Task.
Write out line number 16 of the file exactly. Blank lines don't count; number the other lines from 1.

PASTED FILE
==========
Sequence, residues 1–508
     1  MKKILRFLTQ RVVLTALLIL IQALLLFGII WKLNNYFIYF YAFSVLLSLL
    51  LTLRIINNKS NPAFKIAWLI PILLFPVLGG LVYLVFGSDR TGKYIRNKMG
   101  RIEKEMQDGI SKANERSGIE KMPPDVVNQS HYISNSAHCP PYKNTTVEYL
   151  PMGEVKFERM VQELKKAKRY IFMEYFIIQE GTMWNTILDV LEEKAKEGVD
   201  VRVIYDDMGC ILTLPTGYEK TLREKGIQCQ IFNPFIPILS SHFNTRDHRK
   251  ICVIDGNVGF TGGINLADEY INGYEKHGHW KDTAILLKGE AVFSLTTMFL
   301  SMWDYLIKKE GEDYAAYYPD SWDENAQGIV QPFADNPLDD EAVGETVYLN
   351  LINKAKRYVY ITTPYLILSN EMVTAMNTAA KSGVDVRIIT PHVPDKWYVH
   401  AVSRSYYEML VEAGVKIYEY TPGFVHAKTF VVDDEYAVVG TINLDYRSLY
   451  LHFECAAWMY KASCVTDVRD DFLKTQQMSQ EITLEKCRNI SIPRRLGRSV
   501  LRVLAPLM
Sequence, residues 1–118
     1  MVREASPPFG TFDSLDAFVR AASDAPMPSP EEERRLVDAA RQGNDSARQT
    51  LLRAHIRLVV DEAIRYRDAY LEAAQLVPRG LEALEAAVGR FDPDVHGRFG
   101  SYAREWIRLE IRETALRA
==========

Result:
   101  SYAREWIRLE IRETALRA